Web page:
In the Royal Court's upstairs (studio) theatre, David Greig's Outlying Islands, one of the hits of this year's Edinburgh Festival and the play that launches the Court's autumn season, is an atmospherically-lit production set on a remote Scottish island in the Atlantic, on the eve of the Second World War.
Two young men, Robert (Laurence Mitchell) and John (Sam Heughan), arrive on the almost-deserted island, sent there to survey the rare bird life. On the island are its owner, Kirk (Robert Carr), and his niece, Ellen (Lesley Hart).
Following a heart attack, the boys are left alone with Ellen and nature takes its course — but which one will she choose, and what effect will that have on the already edgy relationship between the young men?
Following Islands, but in the downstairs (main) theatre, is A Number. Written by Caryl Churchill (a frequent and favorite playwright at the Royal Court), directed by Stephen Daldry, the Court's ex-artistic director, and starring Sir Michael Gambon, A Number is a very high-profile production that will place the Court center stage this autumn for audiences and drama critics alike.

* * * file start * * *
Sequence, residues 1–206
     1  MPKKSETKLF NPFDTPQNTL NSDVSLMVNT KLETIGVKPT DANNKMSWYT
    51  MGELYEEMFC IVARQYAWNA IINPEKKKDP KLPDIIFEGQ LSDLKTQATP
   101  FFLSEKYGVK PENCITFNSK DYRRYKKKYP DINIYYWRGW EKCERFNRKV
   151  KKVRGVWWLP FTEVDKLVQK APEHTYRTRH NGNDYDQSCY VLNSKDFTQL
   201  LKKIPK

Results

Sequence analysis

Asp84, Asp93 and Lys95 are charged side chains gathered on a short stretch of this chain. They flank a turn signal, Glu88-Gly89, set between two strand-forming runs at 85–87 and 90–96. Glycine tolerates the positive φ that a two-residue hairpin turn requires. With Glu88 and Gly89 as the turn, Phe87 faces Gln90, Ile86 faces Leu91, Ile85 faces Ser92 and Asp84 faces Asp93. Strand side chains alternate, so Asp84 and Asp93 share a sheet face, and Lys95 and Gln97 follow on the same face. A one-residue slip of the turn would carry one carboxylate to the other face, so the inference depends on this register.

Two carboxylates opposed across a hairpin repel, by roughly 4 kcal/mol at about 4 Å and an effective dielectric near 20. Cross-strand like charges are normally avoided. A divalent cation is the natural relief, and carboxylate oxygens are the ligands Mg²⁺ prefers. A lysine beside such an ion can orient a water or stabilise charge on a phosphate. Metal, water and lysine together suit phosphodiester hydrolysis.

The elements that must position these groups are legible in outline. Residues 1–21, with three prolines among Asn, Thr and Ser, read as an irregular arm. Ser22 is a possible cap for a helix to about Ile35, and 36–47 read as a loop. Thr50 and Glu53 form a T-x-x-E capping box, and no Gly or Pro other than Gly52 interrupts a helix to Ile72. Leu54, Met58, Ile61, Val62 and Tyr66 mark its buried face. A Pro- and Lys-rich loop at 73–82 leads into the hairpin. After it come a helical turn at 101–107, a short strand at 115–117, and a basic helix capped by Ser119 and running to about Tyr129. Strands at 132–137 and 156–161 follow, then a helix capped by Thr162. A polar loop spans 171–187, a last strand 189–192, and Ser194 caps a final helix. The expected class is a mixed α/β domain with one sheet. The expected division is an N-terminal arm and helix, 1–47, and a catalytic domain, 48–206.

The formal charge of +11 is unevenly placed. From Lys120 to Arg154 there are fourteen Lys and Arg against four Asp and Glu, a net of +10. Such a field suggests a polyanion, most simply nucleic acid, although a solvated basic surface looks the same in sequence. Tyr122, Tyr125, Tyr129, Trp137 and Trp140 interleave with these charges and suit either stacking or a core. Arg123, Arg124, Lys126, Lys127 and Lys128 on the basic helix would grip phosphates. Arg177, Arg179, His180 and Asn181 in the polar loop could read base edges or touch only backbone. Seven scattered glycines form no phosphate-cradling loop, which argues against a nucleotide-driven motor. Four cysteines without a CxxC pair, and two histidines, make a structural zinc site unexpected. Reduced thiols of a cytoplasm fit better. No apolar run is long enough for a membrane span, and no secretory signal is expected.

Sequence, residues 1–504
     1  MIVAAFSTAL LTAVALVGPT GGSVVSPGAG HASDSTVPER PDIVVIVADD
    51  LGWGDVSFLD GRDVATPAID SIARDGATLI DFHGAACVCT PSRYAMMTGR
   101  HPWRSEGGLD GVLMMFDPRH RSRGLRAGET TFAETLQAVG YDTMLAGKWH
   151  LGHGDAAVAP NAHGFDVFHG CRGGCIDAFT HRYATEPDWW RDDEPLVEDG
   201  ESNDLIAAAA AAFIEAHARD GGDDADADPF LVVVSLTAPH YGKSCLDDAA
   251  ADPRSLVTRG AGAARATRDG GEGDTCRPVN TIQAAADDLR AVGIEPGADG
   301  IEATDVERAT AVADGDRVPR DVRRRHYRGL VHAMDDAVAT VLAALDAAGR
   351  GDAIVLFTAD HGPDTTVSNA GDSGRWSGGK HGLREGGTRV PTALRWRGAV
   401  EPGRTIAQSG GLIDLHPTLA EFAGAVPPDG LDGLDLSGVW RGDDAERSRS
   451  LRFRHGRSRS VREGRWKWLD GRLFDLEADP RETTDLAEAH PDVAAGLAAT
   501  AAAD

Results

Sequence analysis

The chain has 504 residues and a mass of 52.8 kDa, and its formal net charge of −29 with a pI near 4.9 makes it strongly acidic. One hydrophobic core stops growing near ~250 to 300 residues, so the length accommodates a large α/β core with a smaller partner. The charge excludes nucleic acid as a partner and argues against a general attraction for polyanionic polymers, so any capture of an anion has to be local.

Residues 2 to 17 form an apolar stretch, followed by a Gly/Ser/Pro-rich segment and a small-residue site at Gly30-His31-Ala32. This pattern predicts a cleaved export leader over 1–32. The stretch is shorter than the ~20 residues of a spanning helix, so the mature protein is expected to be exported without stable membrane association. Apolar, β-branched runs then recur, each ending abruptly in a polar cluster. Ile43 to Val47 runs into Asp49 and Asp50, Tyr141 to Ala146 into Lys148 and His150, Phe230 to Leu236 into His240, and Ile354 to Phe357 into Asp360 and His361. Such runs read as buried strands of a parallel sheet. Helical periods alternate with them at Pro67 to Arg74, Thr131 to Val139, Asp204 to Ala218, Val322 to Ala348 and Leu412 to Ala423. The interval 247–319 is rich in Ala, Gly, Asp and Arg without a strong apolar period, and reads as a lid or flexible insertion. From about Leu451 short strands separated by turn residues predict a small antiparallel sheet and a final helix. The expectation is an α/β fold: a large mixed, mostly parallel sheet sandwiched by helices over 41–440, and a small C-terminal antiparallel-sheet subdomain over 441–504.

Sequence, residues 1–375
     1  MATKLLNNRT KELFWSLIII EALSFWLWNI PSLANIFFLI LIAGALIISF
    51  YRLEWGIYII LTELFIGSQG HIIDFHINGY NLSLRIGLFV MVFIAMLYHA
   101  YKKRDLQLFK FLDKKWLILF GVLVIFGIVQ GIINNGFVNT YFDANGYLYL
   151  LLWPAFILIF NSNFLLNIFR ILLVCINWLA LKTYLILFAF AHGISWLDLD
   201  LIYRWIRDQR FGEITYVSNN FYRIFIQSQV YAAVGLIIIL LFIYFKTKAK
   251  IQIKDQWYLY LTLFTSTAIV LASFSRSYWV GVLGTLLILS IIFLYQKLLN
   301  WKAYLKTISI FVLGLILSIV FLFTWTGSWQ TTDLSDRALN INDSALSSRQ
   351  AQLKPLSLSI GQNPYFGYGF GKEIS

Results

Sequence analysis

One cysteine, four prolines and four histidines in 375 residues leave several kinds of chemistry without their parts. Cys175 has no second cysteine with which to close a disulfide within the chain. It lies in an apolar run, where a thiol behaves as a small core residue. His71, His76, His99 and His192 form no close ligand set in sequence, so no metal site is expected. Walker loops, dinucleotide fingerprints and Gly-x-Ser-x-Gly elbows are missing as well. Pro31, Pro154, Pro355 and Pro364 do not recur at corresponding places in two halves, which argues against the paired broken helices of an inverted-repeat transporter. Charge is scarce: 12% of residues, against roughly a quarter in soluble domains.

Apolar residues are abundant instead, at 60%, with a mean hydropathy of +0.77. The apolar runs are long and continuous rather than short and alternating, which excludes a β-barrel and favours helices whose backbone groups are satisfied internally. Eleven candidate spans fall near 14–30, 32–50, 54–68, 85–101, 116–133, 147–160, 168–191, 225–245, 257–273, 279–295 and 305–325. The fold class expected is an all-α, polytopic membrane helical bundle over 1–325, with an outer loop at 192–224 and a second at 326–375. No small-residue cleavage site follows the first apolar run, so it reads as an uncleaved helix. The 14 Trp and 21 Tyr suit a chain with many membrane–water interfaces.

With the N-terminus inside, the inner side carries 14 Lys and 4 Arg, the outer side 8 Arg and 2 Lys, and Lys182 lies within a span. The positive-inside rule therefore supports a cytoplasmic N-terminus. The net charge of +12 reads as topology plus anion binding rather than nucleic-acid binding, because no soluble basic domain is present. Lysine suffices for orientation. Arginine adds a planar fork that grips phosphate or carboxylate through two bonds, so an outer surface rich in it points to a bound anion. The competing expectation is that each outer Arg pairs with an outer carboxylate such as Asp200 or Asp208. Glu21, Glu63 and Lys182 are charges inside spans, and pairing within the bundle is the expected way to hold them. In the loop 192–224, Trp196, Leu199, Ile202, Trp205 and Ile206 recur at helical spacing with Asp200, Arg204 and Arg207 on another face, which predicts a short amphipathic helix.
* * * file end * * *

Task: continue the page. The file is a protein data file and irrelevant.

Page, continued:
In November the upstairs studio will see the arrival of Crazyblackmuthf***in'self by DeObia Oparei, directed by Rikki Beadle-Blair, a play described by the Court's press office as "a journey to the soul of Africa from the heart of St. John's Wood via the groin of Peckham."
Downstairs in the main theatre, November sees the opening of Anthony Neilson's The Lying Kind (which he also directs), about two policemen with a major moral dilemma.
—By Paul Webb Theatrenow